Fairy Tales 2005
January 7, 2005
Hansel and Gretel 2005
In a house by the edge of the woods there lived a woodsman, his wife, and their two fat children from his first marriage. A season of great hardship befell the stock market, and because the woodsman had not diversified his portfolio (he was largely invested in rotted piles of wood), his status as a primary caregiver became a tremendous burden. And though the woodsman would willingly shoulder such a burden, his wife was distressingly self-involved, not unlike most defendants on “The People’s Court.”
Being German, she was a pragmatic woman and not of great sentiment. “Husband!” she said. “The time has come for us to choose between your porcine offspring and keeping DSL service. Tomorrow, we must go forth on a picnic in the woods, whereupon we shall stuff our children, and upon their napping, we must steal back to our cottage and never think of them again.” The woodsman, being heavily medicated and also emotionally dead inside from years of watching the local news, nodded his assent.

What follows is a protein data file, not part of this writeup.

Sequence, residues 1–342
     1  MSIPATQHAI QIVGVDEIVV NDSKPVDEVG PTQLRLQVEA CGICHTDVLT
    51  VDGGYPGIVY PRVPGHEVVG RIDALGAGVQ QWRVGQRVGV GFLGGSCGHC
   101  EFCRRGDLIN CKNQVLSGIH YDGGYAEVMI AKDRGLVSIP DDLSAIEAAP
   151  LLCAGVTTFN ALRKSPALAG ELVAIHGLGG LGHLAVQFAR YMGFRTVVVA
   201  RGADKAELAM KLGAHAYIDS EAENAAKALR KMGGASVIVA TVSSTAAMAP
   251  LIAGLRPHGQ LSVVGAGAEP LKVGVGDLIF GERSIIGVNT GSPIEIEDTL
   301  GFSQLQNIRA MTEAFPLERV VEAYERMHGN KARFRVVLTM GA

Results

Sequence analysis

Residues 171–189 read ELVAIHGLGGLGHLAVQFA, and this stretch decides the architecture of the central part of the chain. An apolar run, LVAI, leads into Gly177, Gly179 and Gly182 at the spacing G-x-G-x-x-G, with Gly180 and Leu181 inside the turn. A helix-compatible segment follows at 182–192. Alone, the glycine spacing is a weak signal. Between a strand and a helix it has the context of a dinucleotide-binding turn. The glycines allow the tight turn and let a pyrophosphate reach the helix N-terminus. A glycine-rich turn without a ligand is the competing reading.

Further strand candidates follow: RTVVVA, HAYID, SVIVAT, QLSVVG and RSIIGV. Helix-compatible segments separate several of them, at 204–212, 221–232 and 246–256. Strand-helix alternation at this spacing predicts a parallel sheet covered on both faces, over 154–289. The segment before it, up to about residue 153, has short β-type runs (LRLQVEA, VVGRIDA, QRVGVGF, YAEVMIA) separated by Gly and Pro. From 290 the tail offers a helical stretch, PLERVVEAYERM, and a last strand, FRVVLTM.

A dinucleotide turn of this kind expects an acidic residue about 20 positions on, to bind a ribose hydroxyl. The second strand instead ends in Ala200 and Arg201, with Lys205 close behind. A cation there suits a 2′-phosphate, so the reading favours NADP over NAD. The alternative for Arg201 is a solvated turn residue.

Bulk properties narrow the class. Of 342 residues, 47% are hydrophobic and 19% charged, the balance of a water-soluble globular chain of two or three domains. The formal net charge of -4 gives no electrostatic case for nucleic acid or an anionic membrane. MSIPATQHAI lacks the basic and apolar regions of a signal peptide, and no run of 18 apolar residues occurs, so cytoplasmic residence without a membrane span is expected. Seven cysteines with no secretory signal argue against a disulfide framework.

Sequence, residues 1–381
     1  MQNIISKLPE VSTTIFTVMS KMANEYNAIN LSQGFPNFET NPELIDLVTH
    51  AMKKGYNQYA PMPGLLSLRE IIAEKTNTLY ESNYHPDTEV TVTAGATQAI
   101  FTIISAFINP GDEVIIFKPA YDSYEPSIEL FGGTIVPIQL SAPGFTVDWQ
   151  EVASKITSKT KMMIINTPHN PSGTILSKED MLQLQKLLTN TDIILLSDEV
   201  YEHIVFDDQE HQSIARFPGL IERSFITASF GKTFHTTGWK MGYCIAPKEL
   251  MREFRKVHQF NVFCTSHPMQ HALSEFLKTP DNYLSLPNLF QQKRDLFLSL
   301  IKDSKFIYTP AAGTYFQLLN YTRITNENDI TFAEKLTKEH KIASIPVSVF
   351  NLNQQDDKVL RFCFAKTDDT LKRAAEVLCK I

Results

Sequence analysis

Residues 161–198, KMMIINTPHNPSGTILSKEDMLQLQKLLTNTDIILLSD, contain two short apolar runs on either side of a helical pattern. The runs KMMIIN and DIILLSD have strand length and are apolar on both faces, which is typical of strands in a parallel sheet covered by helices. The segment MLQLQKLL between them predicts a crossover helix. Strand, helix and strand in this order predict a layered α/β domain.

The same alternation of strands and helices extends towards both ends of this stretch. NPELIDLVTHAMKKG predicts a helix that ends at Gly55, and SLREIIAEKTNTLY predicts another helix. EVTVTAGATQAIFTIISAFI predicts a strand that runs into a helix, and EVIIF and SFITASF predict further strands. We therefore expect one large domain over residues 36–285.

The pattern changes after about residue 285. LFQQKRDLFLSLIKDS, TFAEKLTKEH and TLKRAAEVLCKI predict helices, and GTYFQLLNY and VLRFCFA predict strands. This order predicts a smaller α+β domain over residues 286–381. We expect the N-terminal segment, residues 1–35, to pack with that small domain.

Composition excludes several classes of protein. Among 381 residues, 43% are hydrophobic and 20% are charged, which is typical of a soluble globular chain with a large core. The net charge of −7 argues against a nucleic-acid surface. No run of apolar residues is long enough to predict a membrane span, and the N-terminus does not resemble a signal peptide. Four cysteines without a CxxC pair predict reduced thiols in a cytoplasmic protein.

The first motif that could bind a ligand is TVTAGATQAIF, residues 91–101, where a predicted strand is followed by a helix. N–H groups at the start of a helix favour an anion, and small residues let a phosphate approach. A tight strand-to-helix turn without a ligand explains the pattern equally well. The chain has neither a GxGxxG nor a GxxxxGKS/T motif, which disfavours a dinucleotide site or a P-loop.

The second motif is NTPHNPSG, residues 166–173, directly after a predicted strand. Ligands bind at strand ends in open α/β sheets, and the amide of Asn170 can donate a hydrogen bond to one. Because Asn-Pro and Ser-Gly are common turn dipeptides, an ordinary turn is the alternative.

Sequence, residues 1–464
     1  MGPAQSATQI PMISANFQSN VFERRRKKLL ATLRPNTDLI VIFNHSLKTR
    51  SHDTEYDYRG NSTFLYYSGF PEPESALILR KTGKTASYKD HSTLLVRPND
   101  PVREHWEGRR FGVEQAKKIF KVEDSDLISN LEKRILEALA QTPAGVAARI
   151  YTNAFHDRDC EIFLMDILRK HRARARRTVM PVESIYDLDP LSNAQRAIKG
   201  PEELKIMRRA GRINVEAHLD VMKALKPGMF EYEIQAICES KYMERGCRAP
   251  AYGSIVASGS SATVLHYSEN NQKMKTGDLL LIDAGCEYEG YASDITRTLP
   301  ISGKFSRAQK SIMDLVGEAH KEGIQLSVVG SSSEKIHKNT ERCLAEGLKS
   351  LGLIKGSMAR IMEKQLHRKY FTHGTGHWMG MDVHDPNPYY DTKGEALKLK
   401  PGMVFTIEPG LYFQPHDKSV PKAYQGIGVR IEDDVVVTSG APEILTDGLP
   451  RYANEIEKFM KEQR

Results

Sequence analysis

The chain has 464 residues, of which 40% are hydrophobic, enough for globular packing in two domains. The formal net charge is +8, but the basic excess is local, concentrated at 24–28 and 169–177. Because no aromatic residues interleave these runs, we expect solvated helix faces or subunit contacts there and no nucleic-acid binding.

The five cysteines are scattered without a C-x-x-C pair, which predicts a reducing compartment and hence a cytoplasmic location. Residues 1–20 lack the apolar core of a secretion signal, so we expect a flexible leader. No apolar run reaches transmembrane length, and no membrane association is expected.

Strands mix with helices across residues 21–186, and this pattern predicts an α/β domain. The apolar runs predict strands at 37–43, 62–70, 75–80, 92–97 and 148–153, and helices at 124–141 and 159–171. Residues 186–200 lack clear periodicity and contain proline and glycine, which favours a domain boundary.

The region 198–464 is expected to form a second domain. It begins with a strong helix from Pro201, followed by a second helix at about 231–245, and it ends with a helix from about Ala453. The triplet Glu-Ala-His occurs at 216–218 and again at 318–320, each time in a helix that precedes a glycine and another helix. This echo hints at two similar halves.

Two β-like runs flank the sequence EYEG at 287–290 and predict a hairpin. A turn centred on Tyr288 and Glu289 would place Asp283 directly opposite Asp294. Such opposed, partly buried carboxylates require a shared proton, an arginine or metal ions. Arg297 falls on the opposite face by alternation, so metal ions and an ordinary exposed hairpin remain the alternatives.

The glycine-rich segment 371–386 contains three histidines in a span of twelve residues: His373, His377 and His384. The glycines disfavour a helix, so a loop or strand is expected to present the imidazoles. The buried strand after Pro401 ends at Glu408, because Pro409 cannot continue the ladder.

But unbeknownst to the parents, the two children had lain awake, and overheard the nefarious plan. “What ever shall we do?” asked Gretel, the young girl. “Do not fear, sister,” said Hansel. “I shall protect us both.”
The next day, the family drove deep into the woods, and following a picnic of Monster Thickburgers, the two obese children fell fast asleep against the trunk of an old pine tree. But upon attempting to sneak away, the woodsman and his haggardly second wife were apprehended by Agent Oladarsky of the local woods FBI bureau. For the night before, Hansel had used his cell phone (a common accessory even among the fifth-graders at Hansel’s school) to contact the local authorities and initiate an amber alert.
The children hugged Agent Oladarsky with great glee, and giddily testified against their parents just weeks later. They lived happily ever after in a crumbling government foster care system, which eventually separated the pair, sending Gretel to live with a lonely woman in the same woods in which she first lived. A paranoid schizophrenic from years of neglect, Gretel shoved the woman in an oven and looted her home before disappearing into a Fundamentalist Mormon community in the New Mexico desert. Hansel became a male prostitute and died of consumption under a bridge in Paducah. You may have seen all of this on Lifetime.